This might have been a throw the remote at the wall moment for some Notre Dame fans. No one wants to see a sack happen on this play. This sack isn’t on the protection. You could say it’s on Book, but that’s not entirely fair either. He’s just trying to make something out of nothing after things fall apart with the route.

Davis (3) is in the slot. I don’t know if he’s the first read or if it’s Ben Skowronek (11), but Book is looking right away to his left. It’s man coverage on the slot and man on the outside as well. The difference is that Skowronek is running an in route and the linebacker is dropping to take that away. So if that’s Book’s first read, he knows immediately that he can’t go to it.

That leaves Davis. He’s running a pivot. Or at least trying to. A pivot route is when the receiver breaks one way and pivots back the other. That’s what Davis is trying to do, but he lost his footing and didn’t explode out of the cut. The defender just let him run into him and by the time Davis regained his balance, he was thinking about blocking for Book.

So there are really no options here for Book. He also has a linebacker spying him and another linebacker who has Williams man to man, but when he sees Williams engage in a block, he blitzes (it’s called a Green Dog).

The one linebacker flushes Book out of the pocket and the spy, Monty Montgomery, runs him down. There was no time to scan the whole field. He needed Davis to win his one on one and he didn’t.


QB counter

This wasn’t in the red zone, but it had a chance to go for big yards and was requested by a member of ISD. I think it’s worth taking a look at as well.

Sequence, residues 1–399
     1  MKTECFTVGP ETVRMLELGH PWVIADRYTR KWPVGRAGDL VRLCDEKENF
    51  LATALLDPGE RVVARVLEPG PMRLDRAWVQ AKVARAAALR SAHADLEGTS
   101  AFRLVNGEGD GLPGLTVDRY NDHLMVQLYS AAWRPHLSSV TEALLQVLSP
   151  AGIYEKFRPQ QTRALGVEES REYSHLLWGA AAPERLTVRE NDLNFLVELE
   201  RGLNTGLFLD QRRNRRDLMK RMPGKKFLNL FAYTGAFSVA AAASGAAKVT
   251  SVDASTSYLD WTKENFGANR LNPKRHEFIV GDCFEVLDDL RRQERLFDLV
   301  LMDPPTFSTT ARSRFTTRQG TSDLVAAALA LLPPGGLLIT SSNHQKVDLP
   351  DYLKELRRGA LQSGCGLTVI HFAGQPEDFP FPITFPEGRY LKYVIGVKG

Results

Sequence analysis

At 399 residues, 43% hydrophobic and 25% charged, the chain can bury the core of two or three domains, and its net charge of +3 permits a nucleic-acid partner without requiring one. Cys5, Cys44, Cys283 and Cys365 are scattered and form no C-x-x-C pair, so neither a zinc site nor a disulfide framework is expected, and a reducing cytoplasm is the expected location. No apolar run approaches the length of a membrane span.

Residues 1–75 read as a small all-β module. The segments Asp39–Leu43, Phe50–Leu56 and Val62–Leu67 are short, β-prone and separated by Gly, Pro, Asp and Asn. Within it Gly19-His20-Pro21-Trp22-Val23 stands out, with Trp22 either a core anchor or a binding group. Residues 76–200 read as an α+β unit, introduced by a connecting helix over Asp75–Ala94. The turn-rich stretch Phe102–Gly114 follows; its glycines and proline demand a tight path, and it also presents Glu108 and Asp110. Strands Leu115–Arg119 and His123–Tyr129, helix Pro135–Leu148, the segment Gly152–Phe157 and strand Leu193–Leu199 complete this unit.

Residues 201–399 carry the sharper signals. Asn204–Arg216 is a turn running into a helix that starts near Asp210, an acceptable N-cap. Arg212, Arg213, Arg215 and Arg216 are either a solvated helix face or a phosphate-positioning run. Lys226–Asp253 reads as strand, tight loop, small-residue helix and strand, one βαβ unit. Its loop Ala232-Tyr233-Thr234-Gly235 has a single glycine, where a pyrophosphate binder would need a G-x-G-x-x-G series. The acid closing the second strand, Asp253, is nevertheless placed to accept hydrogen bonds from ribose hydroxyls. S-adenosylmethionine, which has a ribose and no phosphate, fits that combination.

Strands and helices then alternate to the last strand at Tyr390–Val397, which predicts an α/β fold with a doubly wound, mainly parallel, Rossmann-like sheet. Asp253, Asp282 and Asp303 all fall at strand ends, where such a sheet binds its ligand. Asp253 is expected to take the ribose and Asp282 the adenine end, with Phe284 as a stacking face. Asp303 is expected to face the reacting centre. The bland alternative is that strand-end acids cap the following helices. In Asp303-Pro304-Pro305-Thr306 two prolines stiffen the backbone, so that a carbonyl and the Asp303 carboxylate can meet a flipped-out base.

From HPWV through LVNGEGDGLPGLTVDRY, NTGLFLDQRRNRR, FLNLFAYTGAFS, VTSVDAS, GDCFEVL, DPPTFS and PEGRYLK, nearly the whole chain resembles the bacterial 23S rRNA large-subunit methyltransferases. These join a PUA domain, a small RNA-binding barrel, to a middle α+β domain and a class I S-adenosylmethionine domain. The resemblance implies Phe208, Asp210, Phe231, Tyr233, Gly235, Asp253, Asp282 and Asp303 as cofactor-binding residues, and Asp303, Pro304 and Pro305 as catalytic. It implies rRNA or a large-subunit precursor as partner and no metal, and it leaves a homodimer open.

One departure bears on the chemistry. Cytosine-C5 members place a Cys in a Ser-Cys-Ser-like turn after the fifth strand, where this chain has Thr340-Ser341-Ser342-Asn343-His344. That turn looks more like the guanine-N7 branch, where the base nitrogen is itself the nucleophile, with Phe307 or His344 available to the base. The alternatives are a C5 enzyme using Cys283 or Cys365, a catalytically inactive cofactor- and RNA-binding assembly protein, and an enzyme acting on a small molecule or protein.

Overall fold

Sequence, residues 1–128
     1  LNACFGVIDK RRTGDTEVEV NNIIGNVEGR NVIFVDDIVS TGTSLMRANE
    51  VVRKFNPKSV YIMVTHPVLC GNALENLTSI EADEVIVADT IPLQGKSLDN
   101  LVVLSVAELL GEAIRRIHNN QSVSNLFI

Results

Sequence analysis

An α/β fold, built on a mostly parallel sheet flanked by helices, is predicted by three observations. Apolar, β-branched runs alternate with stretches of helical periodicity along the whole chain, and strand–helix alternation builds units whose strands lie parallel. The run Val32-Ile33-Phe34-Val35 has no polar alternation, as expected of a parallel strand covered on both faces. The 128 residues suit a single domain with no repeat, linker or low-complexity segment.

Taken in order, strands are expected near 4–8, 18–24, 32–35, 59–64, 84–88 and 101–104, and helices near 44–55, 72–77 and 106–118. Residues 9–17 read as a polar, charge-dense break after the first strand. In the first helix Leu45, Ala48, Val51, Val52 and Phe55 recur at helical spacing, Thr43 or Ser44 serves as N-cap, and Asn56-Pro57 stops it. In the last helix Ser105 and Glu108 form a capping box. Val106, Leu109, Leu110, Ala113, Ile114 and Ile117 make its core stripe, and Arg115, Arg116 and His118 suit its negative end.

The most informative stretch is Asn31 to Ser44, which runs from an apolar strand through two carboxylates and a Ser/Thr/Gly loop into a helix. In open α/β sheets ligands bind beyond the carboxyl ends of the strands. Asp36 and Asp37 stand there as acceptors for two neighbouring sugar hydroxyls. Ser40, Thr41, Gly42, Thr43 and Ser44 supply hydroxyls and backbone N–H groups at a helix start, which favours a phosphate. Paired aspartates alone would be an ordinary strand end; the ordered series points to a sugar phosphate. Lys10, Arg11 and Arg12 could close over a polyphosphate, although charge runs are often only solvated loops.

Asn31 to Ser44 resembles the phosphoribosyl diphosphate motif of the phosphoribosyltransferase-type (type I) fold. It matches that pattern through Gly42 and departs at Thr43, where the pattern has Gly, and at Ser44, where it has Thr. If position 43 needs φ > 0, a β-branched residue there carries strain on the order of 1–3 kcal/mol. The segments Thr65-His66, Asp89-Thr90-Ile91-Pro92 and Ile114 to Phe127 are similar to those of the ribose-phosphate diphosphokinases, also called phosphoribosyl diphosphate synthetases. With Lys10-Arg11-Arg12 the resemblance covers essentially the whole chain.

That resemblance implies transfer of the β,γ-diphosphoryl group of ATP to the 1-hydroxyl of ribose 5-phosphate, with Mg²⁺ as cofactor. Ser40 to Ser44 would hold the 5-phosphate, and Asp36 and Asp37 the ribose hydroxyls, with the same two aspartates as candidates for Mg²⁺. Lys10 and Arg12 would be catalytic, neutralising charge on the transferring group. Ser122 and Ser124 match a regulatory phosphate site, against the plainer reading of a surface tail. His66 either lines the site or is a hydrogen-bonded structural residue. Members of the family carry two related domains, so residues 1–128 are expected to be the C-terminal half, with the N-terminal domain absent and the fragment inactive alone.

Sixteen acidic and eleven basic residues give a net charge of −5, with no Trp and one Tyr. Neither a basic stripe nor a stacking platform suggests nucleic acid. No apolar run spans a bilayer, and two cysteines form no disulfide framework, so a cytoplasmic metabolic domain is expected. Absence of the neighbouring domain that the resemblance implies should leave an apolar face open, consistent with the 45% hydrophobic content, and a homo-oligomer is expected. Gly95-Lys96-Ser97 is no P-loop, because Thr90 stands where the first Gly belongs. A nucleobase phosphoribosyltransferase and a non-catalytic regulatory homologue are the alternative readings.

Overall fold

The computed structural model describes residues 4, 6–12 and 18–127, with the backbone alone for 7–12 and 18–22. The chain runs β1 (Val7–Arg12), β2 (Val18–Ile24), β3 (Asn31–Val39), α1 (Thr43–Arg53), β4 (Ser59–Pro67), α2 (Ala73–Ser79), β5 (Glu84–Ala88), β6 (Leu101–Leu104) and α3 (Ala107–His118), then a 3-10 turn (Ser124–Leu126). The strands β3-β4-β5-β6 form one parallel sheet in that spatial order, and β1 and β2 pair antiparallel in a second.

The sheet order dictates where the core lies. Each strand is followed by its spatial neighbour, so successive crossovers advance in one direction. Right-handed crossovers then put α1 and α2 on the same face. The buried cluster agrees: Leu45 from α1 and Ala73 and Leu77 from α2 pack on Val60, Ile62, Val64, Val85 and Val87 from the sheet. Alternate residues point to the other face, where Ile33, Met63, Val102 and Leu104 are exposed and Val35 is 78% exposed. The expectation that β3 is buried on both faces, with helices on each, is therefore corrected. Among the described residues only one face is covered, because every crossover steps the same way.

This is like the counter play Notre Dame has had success running with their backs in the last two weeks, but this time it’s Book keeping and using Williams as a blocker. I love this play. I hope Tommy Rees comes back to it because it will hit big if they block it right.

It’s set up perfectly. Notre Dame has numbers to the boundary with Tommy Kraemer (78) pulling and taking out the edge (just a horrendously weak job from that guy). Michael Mayer (87) is the lead blocker here instead of Tommy Tremble. He does nothing wrong coming from his wing position and combining with Williams on the inside linebacker. If anything you’d want Williams to leave that guy and go pick up the safety, but this wasn’t bad. Neither of them were in the wrong.

It’s the backside inside linebacker who makes the play. Montgomery did this a lot. He had 11 solo tackles. Banks was supposed to block him, but Eichenberg does such a good job on his down block that the defender runs into Banks as he is trying to get off to Montgomery. That’s why he stumbles and misses.

It might have been that Banks was trying to help Jarrett Patterson (55), who did a really solid job on the nose guard, and that kept him from getting out to Montgomery quicker as well. If they block Montgomery, Book is one on one with a safety and it’s at least a 10 yard gain with a possibility for a lot more.


BONUS: Skowronek BOOM 

I’m not going to get deep into the nitty gritty of this play. This is just here so everyone can see Ben Skowronek come down like a heat seeking missile and absolutely crack the safety. You love to see it.